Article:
- Ask your question(s). For example, ask what the management will do to address your stated concerns. Ask if they will honour their marketing and brand promises of quality and customer service by making good on reported defects in your home without further delay and paying compensation or a goodwill gesture in recognition of their failings to you, to help restore your confidence in the brand. Ask if your outstanding issues can be assigned to a named person on site and for a named board member to take responsibility to ensure all matters are resolved satisfactorily. Maybe ask the board to review their quality and customer service policies and practices and report their findings at the next AGM.
- Do some research on the issues you want to raise e.g. that you consider your situation to be typical, not a one-off, and reference it as you see fit. Try searching the company’s Twitter feed and see how many people are complaining of similar issues over a given period. Check out housebuilder-specific Facebook groups and make a note of the number of people who are signed up there and what the content reveals.
- Read the company’s Annual Report (which will normally be published a few weeks before the AGM, and which will be a main focus of the AGM) and see if they address any of the issues you want to raise. If so, what are they saying about those issues? What do you want to say to them about that? If not, why not? Don’t be afraid to challenge them on lack of coverage in the Annual Report of the issues you are raising. Why are they not taking these things seriously or addressing them at the AGM?
- Keep your questions relatively brief and short. If it takes you more than a couple of minutes to read your comments and ask your questions, your point may get lost or you may risk being cut off altogether.
On the day
Aim to arrive at least an hour early. You might get a chance to speak directly to a director before the AGM starts which could be informative. It should also ensure you have time to work out where you need to be, check with staff about timings and formalities once the AGM begins, etc.
You may be feeling angry and upset at the company. It is important you keep calm and don’t give the company any opportunity to eject you from the AGM. Being prepared and having written notes should help with this.
How & where to buy shares
A quick search of the internet will bring up numerous options and guides. A good starting point might be this article by Money Saving Expert:
Popular investment platforms for buying your shareholding include Hargreaves Lansdown https://www.hl.co.uk/ (mentioned in the Money Saving Expert article). Other options include high street banks with brokerage services etc.
Timings; Proxy Forms
Be sure to buy your share(s) if possible at least a three or more weeks before the AGM, to ensure you are registered on the shareholder member register in time for the AGM and can deal with any administrative requirements there may be before then.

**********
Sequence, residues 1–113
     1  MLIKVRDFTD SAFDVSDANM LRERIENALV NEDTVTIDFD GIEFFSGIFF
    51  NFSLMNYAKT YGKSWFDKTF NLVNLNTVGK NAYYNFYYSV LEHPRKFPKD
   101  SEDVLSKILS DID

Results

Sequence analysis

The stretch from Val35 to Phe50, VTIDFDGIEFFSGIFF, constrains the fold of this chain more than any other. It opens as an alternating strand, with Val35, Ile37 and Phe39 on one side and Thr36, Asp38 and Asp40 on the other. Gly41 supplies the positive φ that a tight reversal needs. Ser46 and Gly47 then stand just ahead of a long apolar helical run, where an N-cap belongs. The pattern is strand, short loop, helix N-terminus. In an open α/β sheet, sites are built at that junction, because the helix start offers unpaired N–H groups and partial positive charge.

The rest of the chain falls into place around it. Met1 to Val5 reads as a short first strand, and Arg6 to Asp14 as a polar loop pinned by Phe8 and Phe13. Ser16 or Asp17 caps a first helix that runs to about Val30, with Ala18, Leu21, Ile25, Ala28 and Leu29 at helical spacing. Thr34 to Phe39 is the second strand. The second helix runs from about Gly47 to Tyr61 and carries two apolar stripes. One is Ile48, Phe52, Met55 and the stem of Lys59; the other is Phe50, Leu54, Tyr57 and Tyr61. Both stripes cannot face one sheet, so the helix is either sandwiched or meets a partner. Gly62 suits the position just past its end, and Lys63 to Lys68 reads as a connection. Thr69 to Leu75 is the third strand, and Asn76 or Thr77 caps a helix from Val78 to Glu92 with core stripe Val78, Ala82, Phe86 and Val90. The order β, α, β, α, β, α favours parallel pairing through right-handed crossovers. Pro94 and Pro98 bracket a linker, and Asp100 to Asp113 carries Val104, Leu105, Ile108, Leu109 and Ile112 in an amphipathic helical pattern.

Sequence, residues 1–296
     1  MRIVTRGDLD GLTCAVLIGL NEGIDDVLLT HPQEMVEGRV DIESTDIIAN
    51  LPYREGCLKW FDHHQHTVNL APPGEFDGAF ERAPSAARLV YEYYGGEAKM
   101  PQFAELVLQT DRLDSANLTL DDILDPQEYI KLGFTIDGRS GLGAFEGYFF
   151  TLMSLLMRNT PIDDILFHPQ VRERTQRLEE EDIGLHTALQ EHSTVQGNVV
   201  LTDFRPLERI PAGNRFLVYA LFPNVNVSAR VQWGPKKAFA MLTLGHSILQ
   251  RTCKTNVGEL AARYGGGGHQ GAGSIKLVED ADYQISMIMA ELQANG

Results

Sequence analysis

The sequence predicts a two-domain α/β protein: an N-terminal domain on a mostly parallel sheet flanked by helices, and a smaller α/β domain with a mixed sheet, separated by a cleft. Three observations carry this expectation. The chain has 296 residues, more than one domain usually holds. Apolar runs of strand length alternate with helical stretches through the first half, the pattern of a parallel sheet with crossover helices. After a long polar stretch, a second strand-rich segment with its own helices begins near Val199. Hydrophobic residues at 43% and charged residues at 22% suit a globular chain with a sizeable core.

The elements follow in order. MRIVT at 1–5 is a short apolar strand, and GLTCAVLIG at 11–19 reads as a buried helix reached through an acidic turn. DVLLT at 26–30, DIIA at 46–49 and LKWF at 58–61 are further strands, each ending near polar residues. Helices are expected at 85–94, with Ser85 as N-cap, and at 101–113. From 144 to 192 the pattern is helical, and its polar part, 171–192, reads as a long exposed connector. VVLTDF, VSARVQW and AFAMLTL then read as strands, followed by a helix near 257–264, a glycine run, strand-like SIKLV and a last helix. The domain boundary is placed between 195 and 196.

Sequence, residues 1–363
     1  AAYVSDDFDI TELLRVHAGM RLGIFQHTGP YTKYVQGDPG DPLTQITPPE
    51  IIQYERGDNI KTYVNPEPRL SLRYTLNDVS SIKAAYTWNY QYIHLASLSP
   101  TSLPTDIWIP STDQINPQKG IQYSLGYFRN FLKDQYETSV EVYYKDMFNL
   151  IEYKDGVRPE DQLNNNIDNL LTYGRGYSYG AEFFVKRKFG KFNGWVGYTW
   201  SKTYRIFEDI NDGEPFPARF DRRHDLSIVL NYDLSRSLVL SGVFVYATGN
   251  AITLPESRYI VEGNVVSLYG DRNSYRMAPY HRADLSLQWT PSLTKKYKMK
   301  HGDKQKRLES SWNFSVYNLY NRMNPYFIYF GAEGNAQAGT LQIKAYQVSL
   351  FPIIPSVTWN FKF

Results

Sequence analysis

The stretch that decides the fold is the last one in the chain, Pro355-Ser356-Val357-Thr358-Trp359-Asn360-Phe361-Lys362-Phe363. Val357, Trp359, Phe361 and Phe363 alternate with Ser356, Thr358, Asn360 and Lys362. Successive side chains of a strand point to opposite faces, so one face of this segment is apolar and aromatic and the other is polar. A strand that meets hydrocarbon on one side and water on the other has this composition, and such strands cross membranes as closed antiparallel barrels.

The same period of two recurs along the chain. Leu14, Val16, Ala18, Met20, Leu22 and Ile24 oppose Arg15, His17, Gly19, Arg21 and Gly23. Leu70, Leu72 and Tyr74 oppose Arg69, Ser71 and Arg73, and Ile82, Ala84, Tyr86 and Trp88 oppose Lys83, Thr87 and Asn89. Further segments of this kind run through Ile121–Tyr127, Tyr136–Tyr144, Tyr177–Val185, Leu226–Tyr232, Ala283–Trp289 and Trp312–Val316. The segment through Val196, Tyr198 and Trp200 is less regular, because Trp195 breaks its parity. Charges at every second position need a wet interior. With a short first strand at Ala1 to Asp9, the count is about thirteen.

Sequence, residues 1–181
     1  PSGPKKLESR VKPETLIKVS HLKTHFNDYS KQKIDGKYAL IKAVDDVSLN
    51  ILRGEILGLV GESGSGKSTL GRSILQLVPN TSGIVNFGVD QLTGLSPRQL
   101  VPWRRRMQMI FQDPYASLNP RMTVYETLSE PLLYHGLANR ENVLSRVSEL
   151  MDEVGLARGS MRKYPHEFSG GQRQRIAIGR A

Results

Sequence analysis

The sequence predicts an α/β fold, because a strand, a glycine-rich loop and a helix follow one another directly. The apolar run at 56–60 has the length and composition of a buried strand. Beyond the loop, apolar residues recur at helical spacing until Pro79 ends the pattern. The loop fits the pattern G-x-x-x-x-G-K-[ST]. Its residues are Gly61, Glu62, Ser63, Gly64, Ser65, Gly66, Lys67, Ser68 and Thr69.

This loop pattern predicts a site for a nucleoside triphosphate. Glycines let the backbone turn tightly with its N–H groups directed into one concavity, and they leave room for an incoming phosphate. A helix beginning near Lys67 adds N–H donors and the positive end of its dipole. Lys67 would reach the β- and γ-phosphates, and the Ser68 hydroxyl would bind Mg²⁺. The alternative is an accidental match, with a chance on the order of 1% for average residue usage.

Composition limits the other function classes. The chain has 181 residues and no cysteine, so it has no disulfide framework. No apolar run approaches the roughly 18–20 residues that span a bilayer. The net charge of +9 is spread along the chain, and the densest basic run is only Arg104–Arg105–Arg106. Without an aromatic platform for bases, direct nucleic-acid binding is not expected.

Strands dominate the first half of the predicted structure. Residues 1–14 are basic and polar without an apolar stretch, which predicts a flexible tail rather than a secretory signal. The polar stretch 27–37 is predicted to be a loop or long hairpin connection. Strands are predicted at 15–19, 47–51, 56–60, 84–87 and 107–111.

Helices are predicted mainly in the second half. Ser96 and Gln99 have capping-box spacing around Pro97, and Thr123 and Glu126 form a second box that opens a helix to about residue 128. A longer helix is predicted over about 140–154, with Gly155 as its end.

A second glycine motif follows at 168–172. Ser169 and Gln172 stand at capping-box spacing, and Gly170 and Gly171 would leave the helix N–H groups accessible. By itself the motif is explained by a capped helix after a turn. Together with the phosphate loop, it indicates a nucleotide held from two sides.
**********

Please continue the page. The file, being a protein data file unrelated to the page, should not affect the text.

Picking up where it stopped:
Beware if you hold the share(s) through a “nominee account”. If so, you will not be named as the legal owner of the share(s) in the company’s share register. You will not therefore be sent a copy of the Annual Report as of right – you’ll need to get a copy from their website. More to the point, you will not be on the company’s share register for the purposes of gaining entry to the AGM. For that, you will need a “proxy form” or “letter of representation” from the nominee account provider to confirm you are the beneficial owner and be sure to gain entry to the AGM. Check with whoever holds your shares for the right form and make sure you take it with you on the day.
If you are planning to go to an AGM, speak to other affected neighbours and fellow residents on your development and/or customers from further afield, and see about joining forces. The impact you are likely to have at the AGM will normally be far greater if a number of you attend and raise similar issues. Among other things, the board – and audience generally – will find it harder to dismiss or minimise your concerns on the basis of being the exception rather than the norm. It will also speak to the likelihood of you continuing to raise the profile of your collective plight if they fail to address your concerns there and then.
Other shareholder perks
Being a shareholder may also give you other perks and benefits, such as a discount on the purchase price of a new home. Check with the broker or company when deciding what investment to make to get those perks, as they may be related to the number or value of your shareholding.
Further information on shareholder activism can be found here:
All the best, and good luck!